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You don't need a degree in finance to trade options. Anyone can do this.
All that you really need to know is when to jump in and when to get out.
And it's shockingly easy to do.
The key to making money trading options is timing. Otherwise, you might as well be gambling with your money.
Last week, I showed you how to identify the direction a stock is turning and when it will turn.
Today, I'm going to show you when to enter and exit your options trades.
As you'll see, there are just six signals you'll need.
The Six "Signals" That Can Make You Rich
Before I begin, I want to make things a little easier for you. So below is a refresher.
There are two ways to calculate stochastics:
- The following formula: %K = 100[C-L of N / H of N – L of N]
%K: (stock's current closing price – its lowest low) ÷ (stock's highest high – its lowest low) x 100
N: the stock
C: the most recent closing price of the stock's previous trading sessions. (Remember, a trading session can be a week, a day, or an hour, but the default number of trading sessions is 14.)
L of N: the lowest price of the stock's previous trading sessions
H of N: the highest price of the stock's previous trading sessions
- %D: a three-session moving average of %K
Now let's jump into the signals.
- The %K crossing above the 20 line: This is a trading signal from the bottomof a stock's trading range.
- The %D crossing above the 20 line:This is a trading signal from the bottom of a stock's trading range.
Both of these signals indicate that a stock is potentially moving upward in price due to the momentum of the stock coming out of an oversold zone.
A stock is deemed oversold when the stochastic lines are found in the 20 to 0 range.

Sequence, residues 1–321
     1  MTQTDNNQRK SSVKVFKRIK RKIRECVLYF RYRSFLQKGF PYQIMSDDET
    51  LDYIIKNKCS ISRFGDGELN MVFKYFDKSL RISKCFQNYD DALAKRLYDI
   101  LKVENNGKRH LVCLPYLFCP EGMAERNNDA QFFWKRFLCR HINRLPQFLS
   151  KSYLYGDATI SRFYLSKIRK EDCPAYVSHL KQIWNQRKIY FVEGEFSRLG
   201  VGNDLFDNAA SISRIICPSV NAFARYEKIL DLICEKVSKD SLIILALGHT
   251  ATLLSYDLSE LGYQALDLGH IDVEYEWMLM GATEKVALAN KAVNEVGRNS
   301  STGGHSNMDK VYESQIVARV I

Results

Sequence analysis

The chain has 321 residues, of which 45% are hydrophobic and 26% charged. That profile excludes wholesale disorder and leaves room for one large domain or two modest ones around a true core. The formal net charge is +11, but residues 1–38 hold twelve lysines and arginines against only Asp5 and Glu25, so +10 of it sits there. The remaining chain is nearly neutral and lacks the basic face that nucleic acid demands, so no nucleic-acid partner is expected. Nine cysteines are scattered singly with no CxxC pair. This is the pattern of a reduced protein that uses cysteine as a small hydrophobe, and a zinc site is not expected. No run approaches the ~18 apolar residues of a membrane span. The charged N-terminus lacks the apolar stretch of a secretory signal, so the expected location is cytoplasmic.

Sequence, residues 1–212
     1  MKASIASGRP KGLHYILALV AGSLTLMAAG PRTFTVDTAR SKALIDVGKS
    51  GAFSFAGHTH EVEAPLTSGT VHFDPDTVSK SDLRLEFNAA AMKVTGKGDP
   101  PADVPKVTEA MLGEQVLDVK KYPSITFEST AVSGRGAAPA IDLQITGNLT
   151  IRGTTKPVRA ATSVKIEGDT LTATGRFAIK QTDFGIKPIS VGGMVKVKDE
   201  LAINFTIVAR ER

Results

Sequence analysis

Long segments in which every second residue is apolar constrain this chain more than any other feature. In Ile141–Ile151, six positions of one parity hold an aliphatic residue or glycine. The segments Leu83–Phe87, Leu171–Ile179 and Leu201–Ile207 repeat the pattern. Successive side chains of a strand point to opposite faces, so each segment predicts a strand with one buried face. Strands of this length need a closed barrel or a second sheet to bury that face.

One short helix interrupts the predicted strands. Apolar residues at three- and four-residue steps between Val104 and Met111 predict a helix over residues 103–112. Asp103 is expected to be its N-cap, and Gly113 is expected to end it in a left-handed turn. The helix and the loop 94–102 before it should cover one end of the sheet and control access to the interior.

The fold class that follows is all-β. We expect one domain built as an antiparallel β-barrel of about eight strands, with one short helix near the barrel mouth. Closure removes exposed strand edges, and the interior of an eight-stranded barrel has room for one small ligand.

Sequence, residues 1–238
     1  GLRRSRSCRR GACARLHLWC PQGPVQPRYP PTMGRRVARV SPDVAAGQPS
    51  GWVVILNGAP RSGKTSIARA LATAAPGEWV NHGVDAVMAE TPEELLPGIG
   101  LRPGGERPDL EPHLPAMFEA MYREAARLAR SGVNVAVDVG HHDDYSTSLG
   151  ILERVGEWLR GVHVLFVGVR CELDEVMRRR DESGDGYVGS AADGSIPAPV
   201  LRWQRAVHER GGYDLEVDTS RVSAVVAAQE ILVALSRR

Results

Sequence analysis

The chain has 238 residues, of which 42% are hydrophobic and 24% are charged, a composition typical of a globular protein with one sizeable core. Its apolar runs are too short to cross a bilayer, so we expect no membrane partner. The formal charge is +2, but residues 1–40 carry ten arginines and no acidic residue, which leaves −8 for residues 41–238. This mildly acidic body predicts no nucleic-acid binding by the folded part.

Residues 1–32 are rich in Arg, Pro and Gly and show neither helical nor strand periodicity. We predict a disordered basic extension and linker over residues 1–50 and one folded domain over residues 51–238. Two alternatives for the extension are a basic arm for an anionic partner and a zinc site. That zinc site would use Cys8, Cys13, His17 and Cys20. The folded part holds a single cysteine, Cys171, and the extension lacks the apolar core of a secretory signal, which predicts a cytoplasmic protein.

- The %K crossing below the 80 line:This is a trading signal from the top of a stock's trading range. It tells you when a stock price is moving down.
- The %D crossing below the 80 line:This is a trading signal from the top of a stock's trading range. It tells you when a stock price is moving down.
Both of these signals indicate that a stock is potentially moving downward in price due to the momentum of the stock coming out of an overbought zone.
A stock is deemed overbought when the stochastic lines are found in the 80 to 100 range.
- %K crossing the %D line: This is the more aggressive of the two signals and crosses either the 20 or 80 lines. This typically happens before the before the %D line does so.
- %K crossing below the %D line:This is the more conservative of the two signals, as this means that both lines have to exit from either of the extreme zones. This results in a stock that potentially has both lines working for it.
Now keep in mind that if you use the more conservative option of the two signals, you may lose some of the price move while waiting for both to confirm.
Note that the most aggressive of the signals is trading the %K line crossing above or below the %D line. This will happen prior to the %K or %D crossing above or below the 20 or 80 lines.
Don't Make the Same Mistake as Other Traders: Avoid a Double Loss
About the Author
Tom Gentile is one of the world's foremost authorities on stock, futures and options trading.
With more than 25 years' experience trading stocks, futures, and options, Tom's style of trading systems and strategies are designed to help individual investors propel themselves past 99 percent of the trading crowd.